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WPTavern: Hacker News Question: Developers with kids, how do you skill up?
photo credit: Leeroy

By now you’ve probably seen the viral clip of a father getting interrupted by his children while giving a live interview on BBC. Working parents everywhere, especially remote workers, could identify with the humorous embarrassment of the situation. Even those who have had pets interrupt Skype calls know the feeling. You want to be thought of as a professional and taken seriously but little home office invaders have other plans.

Many developers who work from home with children know the daily struggle of balancing family life with work, which generally leaves very little time for improving professional skills. A popular question on Hacker News this week asks, Developers with kids, how do you skill up?:

I recently had one of my colleagues comment on my GitHub account graph – ‘There won’t be many green boxes in your account once you have a kid’. This was in response to my suggestions on how we should all keep learning. I argued many good programmers have family with kids and still manage to keep up. They brushed me off saying it’s just not possible or they don’t look after their kids.

When I look on the internet I find people doing full time jobs delivering products while having a family and some still find plenty of time to blog or write books. How is this possible? Are these people super-human? How are you all doing or managing if you have kids/family?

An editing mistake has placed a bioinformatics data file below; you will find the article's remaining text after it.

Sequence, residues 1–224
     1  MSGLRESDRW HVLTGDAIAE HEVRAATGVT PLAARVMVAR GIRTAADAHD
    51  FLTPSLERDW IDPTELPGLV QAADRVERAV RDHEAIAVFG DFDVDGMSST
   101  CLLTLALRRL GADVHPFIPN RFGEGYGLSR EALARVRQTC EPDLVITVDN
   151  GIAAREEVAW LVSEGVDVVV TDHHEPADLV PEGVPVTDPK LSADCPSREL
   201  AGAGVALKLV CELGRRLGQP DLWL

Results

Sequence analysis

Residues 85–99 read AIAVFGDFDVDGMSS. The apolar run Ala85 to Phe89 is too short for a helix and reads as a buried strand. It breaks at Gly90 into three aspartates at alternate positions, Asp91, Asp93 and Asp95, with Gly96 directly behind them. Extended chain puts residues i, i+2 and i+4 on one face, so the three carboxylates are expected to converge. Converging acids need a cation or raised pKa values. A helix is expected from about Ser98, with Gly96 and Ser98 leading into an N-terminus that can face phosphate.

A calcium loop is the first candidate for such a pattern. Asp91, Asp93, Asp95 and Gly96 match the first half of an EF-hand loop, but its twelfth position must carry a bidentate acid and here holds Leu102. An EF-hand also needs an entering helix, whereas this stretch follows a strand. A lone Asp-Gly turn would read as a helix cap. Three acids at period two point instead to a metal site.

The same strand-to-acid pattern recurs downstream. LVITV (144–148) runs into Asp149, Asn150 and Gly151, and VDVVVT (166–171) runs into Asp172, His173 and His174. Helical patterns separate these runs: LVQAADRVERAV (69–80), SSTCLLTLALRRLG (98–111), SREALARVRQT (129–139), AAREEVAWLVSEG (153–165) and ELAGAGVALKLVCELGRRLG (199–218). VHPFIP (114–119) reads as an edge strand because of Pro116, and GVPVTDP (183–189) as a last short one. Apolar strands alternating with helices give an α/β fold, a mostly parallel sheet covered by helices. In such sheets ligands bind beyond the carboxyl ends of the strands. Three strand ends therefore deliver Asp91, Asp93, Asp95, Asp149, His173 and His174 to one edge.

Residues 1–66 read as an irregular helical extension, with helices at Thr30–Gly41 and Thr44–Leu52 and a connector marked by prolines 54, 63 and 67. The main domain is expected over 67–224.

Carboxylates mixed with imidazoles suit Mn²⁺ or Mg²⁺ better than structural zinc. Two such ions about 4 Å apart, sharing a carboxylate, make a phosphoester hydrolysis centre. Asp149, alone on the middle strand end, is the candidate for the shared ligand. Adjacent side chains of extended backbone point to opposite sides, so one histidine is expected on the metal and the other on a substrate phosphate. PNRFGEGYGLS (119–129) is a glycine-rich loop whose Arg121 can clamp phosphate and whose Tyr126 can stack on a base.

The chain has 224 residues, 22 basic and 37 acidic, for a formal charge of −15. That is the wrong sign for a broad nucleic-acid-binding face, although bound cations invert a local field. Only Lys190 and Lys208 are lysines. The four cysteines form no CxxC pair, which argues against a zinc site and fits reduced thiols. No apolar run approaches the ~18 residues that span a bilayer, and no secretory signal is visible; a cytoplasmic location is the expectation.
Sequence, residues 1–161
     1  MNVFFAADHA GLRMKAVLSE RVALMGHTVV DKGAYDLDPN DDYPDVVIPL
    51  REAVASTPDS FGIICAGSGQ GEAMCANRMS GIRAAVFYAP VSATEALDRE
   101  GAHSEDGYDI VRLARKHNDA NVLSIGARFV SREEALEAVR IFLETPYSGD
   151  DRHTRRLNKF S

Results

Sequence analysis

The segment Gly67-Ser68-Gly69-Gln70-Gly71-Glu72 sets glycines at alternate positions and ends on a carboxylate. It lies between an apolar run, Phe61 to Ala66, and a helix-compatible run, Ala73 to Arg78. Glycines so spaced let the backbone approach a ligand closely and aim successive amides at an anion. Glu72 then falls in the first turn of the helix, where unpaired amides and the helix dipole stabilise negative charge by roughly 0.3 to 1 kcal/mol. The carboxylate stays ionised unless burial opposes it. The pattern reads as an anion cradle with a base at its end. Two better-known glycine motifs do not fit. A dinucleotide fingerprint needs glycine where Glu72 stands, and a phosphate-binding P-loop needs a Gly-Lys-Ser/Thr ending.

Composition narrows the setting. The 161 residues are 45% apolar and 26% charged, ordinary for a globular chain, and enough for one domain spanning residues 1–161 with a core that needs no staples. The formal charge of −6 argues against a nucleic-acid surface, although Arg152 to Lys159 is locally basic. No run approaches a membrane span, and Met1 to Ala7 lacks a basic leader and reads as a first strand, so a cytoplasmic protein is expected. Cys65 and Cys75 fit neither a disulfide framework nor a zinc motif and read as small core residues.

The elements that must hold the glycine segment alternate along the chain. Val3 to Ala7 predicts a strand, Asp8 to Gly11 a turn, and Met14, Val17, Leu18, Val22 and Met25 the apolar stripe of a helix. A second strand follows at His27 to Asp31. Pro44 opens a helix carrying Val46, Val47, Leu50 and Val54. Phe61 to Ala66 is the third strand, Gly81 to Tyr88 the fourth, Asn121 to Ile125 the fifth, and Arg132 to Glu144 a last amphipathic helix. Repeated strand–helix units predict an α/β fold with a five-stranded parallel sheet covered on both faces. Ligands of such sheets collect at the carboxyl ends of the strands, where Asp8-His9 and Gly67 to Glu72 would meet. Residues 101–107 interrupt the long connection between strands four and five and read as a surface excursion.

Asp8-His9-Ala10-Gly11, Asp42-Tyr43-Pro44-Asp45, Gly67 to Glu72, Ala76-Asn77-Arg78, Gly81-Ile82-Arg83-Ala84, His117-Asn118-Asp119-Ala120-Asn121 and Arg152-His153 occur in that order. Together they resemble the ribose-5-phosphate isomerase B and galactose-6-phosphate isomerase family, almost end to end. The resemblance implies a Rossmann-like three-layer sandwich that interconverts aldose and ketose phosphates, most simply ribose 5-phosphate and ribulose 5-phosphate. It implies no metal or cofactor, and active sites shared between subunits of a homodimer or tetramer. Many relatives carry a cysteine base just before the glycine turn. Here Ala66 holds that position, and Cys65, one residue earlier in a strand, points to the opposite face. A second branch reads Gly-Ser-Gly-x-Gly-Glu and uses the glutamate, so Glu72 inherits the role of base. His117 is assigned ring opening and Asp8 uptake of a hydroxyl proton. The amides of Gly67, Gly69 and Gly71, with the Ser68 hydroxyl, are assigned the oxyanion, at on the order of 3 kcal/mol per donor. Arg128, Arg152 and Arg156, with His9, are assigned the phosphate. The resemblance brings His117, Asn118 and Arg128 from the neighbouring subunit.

The question received nearly 500 replies with tips and stories from those who are making it work. One of the first participants on the thread is Rachel Andrew, who shares how she learned Perl as a single mother, launching a new career in web development. She said found success by “simply working every possible moment” she could and learning to be organized and focused with her time.

One common theme among the replies is that having kids is like getting a crash course in time management. When your available time is significantly reduced, you are forced to become more purposeful about how you spend it.

What I learned: your time does get reduced drastically, but you spend the remaining time with more focus/direction. Also, you use your time smarter, e.g. I used to do sports (indoor climbing), but now I just cycle every day from/to work (~1 hour) to stay fit. It takes approximately the same time as going by train or car.

If i have clear priorities in my head – what I want to achieve in the ‘extra time’ that I have got. The clearer the goal, the better the results.

…due to lack of free time and the newfound need to use it efficiently, I’ve found that I’ve probably read more actual physics in the last four years than in the previous many years of dreaming about it.

Time management, to me, is a more powerful “skill up” than anything that could keep your GitHub green. When you know you have limited hours in the day and you have hard time commitments, you have no choice but to learn and work efficiently.

I’d add that kids have taught me to be a better planner, and to break my priorities down into small, well defined chunks that can be slotted into a busy life. This has been valuable in general, not just for programming.

One commenter said he misses the days when he could stay up all night working and exploring new technologies; now it seems the world is going on without him. Other commenters reject the idea of “skilling up” entirely and encourage the original poster not to get too hung up on shiny new frameworks.

I agree with you about the need to remain buzzword compliant for jobs, but are we “skilling up” or spinning our wheels? There is some worthwhile learning, but a lot of it is just BS status signaling. Learning another SPA framework that solves the problems of the last framework, while introducing new problems? Learning yet another way to bundle your web content? A new transpiled language to patch the holes in JavaScript?